• Braaten-Cohen-Yang cloud detector (custom script): Braaten, Justin D., Warren B. Cohen, and Zhiqiang Yang. “Automated cloud and cloud shadow identification in Landsat MSS imagery for temperate ecosystems.” Remote Sensing of Environment 169 (2015): 128-138.
  • Gitelson 1994 (Fluorescence Line Height): Gitelson, A., M. Mayo, Y. Z. Yacobi, A. Parparov, and T. Berman. “The use of high-spectral-resolution radiometer data for detection of low chlorophyll concentrations in Lake Kinneret.” Journal of Plankton Research 16, no. 8 (1994): 993-1002.
  • Gower 2005 (Maximum Chlorophyll Index): Gower, J., S. King, G. Borstad, and L. Brown. “Detection of intense plankton blooms using the 709 nm band of the MERIS imaging spectrometer.” International Journal of Remote Sensing 26, no. 9 (2005): 2005-2012.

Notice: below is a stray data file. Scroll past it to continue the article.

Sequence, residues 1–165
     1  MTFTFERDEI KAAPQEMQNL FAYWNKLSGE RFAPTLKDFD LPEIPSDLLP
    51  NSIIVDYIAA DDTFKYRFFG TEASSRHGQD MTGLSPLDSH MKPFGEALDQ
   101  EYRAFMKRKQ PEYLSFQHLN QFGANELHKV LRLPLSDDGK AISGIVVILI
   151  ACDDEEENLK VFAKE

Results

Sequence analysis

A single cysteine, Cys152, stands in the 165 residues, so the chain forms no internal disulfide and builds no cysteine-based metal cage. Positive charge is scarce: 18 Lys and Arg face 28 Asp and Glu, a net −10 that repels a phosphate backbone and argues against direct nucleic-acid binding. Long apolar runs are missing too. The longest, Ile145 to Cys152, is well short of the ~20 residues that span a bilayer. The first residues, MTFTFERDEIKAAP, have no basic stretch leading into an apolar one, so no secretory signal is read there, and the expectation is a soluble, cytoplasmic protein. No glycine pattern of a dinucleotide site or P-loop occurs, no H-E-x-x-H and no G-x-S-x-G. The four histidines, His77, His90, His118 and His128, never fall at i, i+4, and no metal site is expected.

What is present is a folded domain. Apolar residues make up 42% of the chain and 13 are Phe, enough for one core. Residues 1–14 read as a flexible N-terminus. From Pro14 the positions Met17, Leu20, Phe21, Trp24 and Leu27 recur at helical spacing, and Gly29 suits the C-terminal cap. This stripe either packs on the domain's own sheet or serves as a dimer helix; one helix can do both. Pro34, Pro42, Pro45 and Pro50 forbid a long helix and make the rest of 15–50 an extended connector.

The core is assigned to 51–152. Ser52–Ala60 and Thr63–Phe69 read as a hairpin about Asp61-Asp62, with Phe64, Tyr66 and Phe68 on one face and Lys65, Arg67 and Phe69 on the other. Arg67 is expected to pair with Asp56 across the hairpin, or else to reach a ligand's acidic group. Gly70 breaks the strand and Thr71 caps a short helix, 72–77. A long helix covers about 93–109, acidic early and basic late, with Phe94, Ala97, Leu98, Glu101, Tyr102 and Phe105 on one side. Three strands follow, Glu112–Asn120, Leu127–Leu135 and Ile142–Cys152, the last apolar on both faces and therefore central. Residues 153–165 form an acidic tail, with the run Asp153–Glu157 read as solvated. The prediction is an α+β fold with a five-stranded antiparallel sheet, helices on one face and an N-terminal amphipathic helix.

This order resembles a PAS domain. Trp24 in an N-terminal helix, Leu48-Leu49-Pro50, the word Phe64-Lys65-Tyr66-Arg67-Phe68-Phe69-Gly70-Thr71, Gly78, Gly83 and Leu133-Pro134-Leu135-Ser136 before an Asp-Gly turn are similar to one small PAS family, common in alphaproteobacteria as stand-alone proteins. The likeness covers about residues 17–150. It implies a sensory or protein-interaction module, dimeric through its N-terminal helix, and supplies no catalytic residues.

• A. Hollstein et al., 2016 - Ready-to-Use Methods for the Detection of Clouds, Cirrus, Snow, Shadow, Water and Clear Sky Pixels in Sentinel-2 MSI Images: Hollstein, André, Karl Segl, Luis Guanter, Maximilian Brell, and Marta Enesco. “Ready-to-use methods for the detection of clouds, cirrus, snow, shadow, water and clear sky pixels in Sentinel-2 MSI images.” Remote Sensing 8, no. 8 (2016): 666.
  • Pierre Markuse, 2019 - Sentinel-3 data Visualization in EO Browser using a Custom Script
  • McFeeters 1996 (NDWI): McFeeters, Stuart K. “The use of the Normalized Difference Water Index (NDWI) in the delineation of open water features.” International journal of remote sensing 17, no. 7 (1996): 1425-1432.